Footage by Antaia Christou, Simon Hoggett and Alice Tribe. Editing by Nathaniel Attard.

This BirdLife Malta video says about itself:

8 September 2017

This Grey Heron (Russett Griż) was found with blood in the football grounds of De La Salle College. The protected bird was found still alive but died a few moments later.

As is normally done in such cases the bird was taken to the veterinarian who confirmed that the protected bird was illegally shot and ended up a victim of illegal hunting. The bird had a shotgun injury to the wing and one of its legs was broken too.

This incident in the grounds of De La Salle College is very similar to the April 2015 case in which a shot protected bird landed in the yard of St Edward’s College in Cottonera (which is very near to De La Salle) while the school children were on their break. At the time this had led Prime Minister Joseph Muscat to close the hunting season prematurely.

The illegally shot Grey Heron in Vittoriosa is the third victim of this year’s autumn hunting season which has only been open for a week. During the past days BirdLife Malta received two shot European Bee-eaters which were retrieved by members of the public in two separate incidents, one in Għaxaq and the other in Dwejra (Malta).

Footage by BirdLife Malta, editing by Nathaniel Attard.

This BirdLife Malta video says about itself:

8 September 2017

On September 8th, BirdLife Malta was contacted by members of the public to retrieve two shot birds in one day, both of them herons – a protected species.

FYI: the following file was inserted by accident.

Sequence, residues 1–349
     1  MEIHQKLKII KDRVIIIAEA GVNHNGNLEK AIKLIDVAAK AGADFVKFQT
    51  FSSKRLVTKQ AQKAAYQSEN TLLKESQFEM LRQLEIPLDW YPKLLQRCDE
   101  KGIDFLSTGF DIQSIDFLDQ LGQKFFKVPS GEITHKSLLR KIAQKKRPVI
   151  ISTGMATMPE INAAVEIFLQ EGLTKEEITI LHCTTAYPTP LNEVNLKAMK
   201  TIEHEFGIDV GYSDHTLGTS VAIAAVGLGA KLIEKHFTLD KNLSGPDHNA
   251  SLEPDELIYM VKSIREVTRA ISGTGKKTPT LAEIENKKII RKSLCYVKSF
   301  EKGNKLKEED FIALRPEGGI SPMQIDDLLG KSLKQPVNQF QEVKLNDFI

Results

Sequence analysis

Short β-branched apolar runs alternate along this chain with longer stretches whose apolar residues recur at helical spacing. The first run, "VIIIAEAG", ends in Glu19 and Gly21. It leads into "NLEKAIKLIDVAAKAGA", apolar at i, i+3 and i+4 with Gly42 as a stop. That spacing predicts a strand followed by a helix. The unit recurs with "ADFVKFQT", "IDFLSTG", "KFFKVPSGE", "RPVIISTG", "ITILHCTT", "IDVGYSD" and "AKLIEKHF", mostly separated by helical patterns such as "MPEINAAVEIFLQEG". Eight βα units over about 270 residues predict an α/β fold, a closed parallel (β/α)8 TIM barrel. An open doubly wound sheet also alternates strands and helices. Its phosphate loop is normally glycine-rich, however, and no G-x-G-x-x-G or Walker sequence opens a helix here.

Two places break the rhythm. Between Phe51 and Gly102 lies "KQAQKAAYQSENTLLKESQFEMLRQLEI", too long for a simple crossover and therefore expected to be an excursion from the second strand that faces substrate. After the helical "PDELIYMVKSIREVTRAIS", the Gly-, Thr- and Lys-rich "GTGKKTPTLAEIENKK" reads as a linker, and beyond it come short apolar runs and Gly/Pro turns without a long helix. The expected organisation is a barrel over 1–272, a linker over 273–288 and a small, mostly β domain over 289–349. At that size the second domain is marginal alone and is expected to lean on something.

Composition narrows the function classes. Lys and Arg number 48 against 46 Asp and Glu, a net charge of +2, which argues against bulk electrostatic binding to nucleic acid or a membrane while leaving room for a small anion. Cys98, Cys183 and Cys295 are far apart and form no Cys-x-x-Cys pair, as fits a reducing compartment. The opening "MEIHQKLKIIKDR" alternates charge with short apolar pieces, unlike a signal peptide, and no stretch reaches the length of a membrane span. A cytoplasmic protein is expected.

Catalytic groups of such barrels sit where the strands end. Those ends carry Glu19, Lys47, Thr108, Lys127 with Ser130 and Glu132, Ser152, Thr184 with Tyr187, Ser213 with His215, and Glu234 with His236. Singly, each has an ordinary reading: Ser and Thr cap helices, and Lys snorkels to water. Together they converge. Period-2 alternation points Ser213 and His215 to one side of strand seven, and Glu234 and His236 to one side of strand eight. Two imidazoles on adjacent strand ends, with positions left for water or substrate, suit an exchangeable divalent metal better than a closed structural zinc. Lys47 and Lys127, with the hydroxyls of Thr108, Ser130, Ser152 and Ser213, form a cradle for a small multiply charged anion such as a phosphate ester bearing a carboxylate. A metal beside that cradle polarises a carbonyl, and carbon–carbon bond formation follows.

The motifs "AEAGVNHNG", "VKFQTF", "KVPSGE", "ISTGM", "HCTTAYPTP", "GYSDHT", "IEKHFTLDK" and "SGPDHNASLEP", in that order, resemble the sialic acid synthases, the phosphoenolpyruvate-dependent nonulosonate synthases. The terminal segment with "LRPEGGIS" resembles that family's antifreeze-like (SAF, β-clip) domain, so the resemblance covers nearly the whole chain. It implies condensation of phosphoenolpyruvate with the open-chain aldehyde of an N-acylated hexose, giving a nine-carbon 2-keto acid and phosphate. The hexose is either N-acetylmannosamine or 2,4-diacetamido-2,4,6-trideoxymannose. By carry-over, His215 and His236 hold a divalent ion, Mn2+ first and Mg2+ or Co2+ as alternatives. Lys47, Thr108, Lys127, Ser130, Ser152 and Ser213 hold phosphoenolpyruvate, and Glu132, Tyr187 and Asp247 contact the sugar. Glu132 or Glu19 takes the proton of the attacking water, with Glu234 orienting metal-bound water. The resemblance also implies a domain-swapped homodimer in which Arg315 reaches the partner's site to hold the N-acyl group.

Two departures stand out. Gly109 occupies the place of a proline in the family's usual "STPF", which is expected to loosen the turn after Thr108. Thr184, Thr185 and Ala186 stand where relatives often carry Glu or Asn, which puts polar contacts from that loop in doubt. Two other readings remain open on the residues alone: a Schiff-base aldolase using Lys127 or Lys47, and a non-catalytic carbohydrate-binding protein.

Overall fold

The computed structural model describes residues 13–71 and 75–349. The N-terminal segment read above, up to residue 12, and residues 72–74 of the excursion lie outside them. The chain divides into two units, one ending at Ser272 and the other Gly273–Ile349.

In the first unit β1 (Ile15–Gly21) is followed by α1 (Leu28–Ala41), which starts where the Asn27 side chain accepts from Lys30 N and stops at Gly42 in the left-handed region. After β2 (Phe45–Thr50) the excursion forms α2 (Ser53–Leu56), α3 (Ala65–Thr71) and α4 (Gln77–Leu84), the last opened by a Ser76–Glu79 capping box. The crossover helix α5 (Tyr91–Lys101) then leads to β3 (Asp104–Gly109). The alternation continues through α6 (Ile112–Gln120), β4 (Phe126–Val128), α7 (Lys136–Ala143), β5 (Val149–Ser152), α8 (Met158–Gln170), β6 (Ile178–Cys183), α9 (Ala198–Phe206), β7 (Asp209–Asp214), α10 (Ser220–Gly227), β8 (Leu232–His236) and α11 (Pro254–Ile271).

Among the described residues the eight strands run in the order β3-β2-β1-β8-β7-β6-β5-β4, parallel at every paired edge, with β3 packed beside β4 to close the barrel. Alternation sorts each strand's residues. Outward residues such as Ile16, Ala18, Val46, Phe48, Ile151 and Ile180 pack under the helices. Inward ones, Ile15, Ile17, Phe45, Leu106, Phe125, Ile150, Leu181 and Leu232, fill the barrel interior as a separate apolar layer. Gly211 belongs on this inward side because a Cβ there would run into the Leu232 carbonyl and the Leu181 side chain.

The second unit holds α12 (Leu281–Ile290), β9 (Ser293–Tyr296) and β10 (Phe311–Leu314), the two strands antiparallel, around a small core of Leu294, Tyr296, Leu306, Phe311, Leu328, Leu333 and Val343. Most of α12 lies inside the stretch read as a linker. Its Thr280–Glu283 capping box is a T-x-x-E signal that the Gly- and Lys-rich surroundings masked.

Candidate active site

After the Grey Heron collected from De La Salle school grounds in the morning, a Night Heron (Kwakka) was retrieved from Mġarr ix-Xini in Gozo. Both birds were confirmed shot thus becoming the third and fourth known victims of the 2017 autumn hunting season.

The vet certified the Night Heron collected from Gozo as having been shot in the wing and in the eye. Unfortunately the protected bird, which was retrieved alive, did not make it and succumbed to the shotgun injuries it suffered.

The bird was discovered by 16-year old Sol Pearson, a Xewkija resident, while walking in a nearby valley.

Footage and editing by Nathaniel Attard.

Birds of Malta video

This 6 September 2017 video says about itself:

Here is a video edit with more footage taken during the past days in Malta‘s countryside.

The footage shows three different bird species which are quite common at this time of the year – Barn Swallows, Spotted Flycatchers and Yellow Wagtails.

Footage by Aron Tanti, editing by Nathaniel Attard.